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The Loan Tenure

When you buy a home, you are making a large financial decision. You will need to make a long-term financial commitment to pay a home loan. And your success in repaying your home loan largely depends your loan repayment plan, which includes the loan tenure and the other costs of owning your home.

Deciding on your loan tenure is important, as it determines the size of the loan amount. The longer your loan, the larger your interest payment. Banks usually grant a loan tenure for up to 30 to 35 years, depending on your age.

Comparing Home Loan Tenure

The diagram below summarizes the three main differences of the shorter loan tenure and the longer loan tenure:

  1. The length of the loan tenure affects your total financial commitment.The shorter your loan tenure, the lower your total financial commitment. When you take a home loan, you are committing to pay the principal and interest on the loan. The shorter your loan tenure, you pay a lower interest on your loan amount. Thus, reducing your total financial commitment to service the loan. 
  1. The length of the loan tenure affects your monthly payments. The shorter your loan tenure, the higher your monthly financial commitment. However, you should never overlook your other monthly costs related to home ownership, such as home insurance, mortgage insurance, property taxes, utility bills, or even credit card bills (if your furnishings were bought using credit). These costs may creep up on you unknowingly, affecting your lifestyle; which lead us to our next point. 
  1. The length of the loan tenure affects your monthly cash flow.The shorter your loan tenure, the lower your disposable income during the life of the loan. When you decide to aggressively pay the loan on a shorter loan tenure and at much steeper monthly payments, you may think that this would cut your loan payment short and clear your interest payment. However, you may find yourself in a very tight monthly cash flow situation.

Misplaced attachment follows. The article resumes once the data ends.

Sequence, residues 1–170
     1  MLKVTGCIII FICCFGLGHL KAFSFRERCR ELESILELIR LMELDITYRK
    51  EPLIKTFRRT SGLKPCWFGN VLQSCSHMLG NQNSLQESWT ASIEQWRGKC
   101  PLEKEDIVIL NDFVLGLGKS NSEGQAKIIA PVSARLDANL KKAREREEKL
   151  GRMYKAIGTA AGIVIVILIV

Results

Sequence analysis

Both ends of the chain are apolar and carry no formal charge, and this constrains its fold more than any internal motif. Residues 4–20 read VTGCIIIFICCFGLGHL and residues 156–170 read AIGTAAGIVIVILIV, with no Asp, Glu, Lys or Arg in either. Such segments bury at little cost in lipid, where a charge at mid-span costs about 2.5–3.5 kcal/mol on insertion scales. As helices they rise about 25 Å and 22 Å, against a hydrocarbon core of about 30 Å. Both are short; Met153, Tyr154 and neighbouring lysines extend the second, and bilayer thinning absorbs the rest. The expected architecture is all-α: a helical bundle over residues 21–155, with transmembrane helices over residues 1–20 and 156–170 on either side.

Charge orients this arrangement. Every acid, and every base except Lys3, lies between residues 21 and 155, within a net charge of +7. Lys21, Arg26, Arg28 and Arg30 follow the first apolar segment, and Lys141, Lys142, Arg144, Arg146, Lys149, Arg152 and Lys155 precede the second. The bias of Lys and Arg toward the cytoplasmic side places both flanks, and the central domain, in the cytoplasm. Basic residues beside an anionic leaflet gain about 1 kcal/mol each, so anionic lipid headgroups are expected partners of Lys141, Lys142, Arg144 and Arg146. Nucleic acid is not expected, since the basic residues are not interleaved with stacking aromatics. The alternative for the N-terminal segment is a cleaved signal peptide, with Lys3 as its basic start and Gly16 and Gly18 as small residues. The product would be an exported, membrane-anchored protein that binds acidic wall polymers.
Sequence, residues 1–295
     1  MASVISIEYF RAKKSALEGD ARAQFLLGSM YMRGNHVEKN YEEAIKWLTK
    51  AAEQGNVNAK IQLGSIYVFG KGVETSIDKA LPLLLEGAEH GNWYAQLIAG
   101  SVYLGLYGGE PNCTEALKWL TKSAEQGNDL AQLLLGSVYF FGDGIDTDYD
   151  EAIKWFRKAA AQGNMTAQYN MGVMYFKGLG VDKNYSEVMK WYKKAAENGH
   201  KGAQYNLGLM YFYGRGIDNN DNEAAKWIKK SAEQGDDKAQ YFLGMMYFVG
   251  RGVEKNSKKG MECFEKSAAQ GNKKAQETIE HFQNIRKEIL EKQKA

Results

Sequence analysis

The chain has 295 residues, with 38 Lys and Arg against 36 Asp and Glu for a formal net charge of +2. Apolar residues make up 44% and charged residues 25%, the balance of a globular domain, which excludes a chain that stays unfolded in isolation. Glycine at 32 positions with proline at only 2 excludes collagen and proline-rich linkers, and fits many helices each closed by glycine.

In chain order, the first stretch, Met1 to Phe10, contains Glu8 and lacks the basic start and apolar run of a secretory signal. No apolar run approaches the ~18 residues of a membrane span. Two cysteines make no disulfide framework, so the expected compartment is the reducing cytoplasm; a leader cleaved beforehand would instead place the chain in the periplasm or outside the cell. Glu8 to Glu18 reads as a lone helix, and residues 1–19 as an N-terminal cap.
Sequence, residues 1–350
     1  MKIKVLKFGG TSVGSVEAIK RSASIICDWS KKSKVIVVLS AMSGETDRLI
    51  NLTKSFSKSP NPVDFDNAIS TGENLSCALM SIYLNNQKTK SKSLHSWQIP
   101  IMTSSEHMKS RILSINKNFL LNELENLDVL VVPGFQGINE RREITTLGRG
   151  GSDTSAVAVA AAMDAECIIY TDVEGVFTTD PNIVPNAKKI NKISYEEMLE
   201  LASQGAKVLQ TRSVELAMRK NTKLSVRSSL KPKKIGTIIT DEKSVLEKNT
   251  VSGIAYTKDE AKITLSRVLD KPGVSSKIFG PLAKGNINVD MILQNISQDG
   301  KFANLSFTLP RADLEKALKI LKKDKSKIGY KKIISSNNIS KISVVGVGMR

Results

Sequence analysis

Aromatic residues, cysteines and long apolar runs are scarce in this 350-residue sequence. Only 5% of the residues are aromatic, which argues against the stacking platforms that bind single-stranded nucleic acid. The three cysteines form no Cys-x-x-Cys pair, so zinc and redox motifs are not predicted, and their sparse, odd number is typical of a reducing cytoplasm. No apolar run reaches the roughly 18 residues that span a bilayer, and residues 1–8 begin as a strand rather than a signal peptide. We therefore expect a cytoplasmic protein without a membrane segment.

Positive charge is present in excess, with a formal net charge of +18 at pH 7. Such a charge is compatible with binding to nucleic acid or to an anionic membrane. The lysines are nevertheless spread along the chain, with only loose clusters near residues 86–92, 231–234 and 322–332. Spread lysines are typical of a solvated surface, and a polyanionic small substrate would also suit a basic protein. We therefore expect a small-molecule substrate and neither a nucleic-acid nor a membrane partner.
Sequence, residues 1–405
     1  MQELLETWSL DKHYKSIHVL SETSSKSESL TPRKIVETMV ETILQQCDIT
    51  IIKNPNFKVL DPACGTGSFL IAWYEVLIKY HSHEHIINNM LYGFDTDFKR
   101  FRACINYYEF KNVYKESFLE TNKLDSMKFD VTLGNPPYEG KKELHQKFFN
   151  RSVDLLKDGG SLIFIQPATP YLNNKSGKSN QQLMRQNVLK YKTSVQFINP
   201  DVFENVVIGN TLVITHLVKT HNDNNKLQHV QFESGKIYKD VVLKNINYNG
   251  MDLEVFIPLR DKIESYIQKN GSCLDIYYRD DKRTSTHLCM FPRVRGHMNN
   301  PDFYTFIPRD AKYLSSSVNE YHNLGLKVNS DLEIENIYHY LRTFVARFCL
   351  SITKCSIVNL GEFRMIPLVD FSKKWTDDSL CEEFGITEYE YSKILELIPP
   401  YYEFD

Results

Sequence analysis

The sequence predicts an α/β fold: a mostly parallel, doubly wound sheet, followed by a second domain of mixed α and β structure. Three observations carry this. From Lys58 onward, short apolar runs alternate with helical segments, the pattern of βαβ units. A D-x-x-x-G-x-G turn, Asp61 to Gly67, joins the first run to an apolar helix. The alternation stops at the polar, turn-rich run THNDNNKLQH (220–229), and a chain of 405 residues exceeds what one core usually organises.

Other Factors to Consider

There are two other factors you would need to consider before deciding your loan tenure. The first factor is risk. Banks typically offer two types of home loans:

  1. Fixed rate home loan packages where a fixed rate will apply for an initial period before floating rates apply; and,
  2. Floating (or variable) home loan packages where interests are determined by a reference interest rate.

When you choose a shorter loan tenure, spikes in interest rates may affect your monthly payments. This may increase your monthly loan payment significantly for the short term. A longer loan tenure, however, would provide you some comfort from such spikes. Thus, a longer loan tenure reduces your risk to spikes in your home loan payment.

The second factor to consider is the banks’ refinancing policies. You may have good reasons to pay off your debt as quickly as you can, but if you encounter difficulties keeping up with the higher monthly instalments, and would like to extend your loan tenure, it may not be so easy, if at all possible. Most banks have a policy where borrowers will only be allowed to take over the remaining loan tenure at a point of refinancing.This move may force you to lower your loan tenure and increase your monthly payment instead.

The banks’ refinancing policies usually favour the longer loan tenure. If you, by chance, have a windfall and would like to shorten your loan, banks would impose penalties for paying down (or off) you loan early.

Ultimately, choosing your home loan tenure would require that you balance both your short-term and long-term financial needs. And, if you know your circumstances and your financial goals clearly, owning your home would not be such a headache.

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